The twilight of civilization and the rise of ancient religions in Iran predicated the way for the invention of the cuneiform alphabet. Scientific, commercial and religious epigraphs as well as legendary and literary pieces – and even students’ homework- written in cuneiform have been found. Cuneiform, which was commonly used in Iran from 4000 BC to the end of Achaemenids Empire (330 BC), was the only alphabetic system written from left to right. After the invention of cuneiform by the Sumerians in Mian Rudan, Elamites residing in the Zagros slopes developed their own cuneiform alphabet. One of the best religious examples of the Elamite alphabet is the bricks of the Ziggurat at Chogha Zanbil. “Untash-Napirisha”, King of Elam had the Ziggurat built to honor the great god, Inshushinak.
Cuneiform’s wedge shapes stem from the Sumerians’ approach towards life since they placed more value on utility than artistic beauty. “Ahoura Mazda”, the ancient god of Iranians, was honored in most Achaemenids epigraphs. Calligrapher-lithographer artists created integrated and harmonious works with their painstaking and masterly interpretation. Of the best-lithographed epigraphs, the Bisotun epigraph of Darius, shows the Achaemenid King owning his triumph over the rebellions to “Ahoura Mazda”.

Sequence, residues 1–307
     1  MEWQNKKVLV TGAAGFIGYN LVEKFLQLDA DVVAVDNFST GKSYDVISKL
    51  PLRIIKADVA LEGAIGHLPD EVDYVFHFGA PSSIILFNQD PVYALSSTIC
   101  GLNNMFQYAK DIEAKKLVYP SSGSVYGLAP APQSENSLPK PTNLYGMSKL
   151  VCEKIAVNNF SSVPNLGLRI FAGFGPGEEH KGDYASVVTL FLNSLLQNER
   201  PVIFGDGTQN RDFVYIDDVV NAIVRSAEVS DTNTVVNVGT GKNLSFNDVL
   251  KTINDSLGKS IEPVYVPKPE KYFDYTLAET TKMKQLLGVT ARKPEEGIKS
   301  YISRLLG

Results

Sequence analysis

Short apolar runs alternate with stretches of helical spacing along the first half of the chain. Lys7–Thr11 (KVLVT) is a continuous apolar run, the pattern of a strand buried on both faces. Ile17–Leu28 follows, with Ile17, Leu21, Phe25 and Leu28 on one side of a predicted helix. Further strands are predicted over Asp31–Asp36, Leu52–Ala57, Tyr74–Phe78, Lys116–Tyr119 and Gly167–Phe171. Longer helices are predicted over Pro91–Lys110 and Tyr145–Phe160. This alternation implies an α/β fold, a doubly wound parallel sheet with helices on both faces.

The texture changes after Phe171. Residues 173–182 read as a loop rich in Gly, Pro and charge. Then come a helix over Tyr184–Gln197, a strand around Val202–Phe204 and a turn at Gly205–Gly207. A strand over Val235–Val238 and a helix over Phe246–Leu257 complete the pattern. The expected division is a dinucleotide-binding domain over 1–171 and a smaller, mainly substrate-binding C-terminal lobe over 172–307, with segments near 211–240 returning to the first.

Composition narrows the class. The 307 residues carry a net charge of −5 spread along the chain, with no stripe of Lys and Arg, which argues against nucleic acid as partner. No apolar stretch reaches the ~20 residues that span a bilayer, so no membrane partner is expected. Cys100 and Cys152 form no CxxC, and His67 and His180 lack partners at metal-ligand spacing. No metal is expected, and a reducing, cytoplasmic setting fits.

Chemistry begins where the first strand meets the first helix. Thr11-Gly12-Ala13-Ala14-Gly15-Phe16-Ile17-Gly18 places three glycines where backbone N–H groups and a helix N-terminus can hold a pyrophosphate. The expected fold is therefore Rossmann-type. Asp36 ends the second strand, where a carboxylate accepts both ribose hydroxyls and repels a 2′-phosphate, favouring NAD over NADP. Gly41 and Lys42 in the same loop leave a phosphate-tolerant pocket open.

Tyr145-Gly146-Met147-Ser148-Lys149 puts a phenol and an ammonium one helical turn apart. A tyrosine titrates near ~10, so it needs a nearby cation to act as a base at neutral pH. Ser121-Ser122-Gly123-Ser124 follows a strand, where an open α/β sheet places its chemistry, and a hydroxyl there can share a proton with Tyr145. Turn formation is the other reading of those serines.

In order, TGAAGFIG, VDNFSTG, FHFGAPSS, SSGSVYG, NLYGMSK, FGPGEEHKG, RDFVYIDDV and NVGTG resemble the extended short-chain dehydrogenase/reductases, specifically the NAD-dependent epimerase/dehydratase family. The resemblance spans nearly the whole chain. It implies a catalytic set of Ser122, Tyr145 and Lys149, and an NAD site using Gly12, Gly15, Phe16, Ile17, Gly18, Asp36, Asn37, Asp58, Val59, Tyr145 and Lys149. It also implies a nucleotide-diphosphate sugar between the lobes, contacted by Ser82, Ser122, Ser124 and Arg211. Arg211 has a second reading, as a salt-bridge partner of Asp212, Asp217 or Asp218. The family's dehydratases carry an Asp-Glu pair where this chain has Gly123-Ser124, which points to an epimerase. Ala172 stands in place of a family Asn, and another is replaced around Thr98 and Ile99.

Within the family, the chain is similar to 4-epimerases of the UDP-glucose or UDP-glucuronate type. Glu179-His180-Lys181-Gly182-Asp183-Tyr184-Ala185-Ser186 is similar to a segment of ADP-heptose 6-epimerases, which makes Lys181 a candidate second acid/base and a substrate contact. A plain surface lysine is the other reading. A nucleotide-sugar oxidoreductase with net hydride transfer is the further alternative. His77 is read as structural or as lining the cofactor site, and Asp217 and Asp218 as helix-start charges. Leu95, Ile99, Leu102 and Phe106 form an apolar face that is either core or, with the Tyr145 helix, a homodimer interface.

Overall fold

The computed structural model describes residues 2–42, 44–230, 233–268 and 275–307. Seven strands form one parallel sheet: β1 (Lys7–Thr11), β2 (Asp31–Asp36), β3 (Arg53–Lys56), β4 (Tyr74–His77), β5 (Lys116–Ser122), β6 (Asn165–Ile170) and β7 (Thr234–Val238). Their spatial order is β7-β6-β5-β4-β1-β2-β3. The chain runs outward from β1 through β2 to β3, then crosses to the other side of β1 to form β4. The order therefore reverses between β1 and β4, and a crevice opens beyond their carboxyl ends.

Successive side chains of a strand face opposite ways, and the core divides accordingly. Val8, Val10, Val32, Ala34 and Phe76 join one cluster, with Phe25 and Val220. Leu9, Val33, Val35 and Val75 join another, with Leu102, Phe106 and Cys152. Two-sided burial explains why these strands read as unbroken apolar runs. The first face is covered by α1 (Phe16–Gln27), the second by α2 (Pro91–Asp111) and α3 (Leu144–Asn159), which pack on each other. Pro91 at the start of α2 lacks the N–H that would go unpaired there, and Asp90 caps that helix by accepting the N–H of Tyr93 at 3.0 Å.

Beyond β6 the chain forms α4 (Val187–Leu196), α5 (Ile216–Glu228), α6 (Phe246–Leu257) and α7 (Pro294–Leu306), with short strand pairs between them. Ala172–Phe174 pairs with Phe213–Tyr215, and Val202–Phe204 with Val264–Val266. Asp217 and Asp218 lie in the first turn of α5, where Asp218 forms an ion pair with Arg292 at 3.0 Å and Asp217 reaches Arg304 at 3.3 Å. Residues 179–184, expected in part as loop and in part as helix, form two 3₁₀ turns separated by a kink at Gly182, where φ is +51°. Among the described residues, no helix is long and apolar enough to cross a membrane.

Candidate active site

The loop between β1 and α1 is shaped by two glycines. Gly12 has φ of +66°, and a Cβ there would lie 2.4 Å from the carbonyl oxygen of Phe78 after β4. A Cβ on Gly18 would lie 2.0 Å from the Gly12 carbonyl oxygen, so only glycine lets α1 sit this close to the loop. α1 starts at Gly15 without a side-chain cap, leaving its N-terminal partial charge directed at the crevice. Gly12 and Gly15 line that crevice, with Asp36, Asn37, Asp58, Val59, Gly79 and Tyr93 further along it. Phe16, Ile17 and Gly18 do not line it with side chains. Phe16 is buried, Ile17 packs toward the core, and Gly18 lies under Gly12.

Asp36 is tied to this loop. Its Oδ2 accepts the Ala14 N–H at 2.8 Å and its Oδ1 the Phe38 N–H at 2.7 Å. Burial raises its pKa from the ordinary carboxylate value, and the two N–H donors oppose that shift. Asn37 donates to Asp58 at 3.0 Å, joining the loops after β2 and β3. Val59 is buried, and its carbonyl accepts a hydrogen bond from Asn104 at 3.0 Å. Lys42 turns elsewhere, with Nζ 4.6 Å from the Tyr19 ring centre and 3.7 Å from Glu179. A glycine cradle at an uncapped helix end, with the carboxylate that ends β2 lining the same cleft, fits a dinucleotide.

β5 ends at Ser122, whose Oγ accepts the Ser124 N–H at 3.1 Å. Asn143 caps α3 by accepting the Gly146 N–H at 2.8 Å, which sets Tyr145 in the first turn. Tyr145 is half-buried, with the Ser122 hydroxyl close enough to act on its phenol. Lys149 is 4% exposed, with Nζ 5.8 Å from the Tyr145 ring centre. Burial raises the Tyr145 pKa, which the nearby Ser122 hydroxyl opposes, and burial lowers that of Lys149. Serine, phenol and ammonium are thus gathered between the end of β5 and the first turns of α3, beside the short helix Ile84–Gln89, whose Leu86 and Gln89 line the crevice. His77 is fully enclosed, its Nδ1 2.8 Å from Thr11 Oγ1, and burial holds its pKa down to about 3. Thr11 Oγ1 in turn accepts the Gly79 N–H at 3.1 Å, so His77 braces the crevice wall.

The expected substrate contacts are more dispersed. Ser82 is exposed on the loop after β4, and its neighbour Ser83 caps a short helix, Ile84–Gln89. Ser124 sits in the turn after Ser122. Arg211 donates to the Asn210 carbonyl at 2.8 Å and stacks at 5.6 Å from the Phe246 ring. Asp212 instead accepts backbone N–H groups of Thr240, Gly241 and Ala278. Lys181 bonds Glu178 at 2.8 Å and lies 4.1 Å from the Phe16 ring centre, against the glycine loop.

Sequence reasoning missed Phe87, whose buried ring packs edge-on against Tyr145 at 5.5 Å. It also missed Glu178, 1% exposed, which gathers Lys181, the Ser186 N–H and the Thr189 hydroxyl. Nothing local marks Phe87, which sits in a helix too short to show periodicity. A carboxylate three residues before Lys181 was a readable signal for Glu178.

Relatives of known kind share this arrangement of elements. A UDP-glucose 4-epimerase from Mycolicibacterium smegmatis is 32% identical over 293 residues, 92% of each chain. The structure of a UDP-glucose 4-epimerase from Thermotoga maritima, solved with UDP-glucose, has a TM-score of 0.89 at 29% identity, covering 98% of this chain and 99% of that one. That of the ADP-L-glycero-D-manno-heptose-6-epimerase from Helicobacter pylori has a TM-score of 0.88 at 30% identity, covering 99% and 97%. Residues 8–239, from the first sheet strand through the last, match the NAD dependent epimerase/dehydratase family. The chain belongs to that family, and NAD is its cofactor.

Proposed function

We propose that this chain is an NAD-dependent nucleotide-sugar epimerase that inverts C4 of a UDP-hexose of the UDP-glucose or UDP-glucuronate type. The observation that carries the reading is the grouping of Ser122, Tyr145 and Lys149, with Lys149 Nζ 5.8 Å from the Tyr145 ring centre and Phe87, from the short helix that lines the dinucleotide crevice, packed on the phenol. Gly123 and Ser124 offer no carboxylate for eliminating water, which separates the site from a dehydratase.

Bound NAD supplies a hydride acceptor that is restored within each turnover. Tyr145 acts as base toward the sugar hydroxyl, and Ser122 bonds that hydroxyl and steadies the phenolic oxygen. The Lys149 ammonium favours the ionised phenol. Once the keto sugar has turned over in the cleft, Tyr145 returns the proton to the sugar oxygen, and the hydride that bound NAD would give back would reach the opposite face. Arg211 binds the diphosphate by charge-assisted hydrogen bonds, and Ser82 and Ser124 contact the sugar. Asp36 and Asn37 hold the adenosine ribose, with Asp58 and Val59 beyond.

Due to the invention of paper in the East, the written word entered a new era. With the replacement of stone and mud-made bricks for paper in Iran, the rigid, simple and straight cuneiform alphabet was substituted for the delicate, cursive Avesta alphabet. Avestans applied “din dabireh” as their alphabet system for writing and reading their religious hymns. This brand new alphabet was not only elegant and graphically appealing, but easily readable. Its legibility and harmony made it the best option for writing Avesta. “Gathas” or “Great-ha”, composed by Iranian prophet “Zoroaster”, is one of the most elaborate texts written using this alphabet.
The rest of this article is published in the 3rd number of Gilgamesh international edition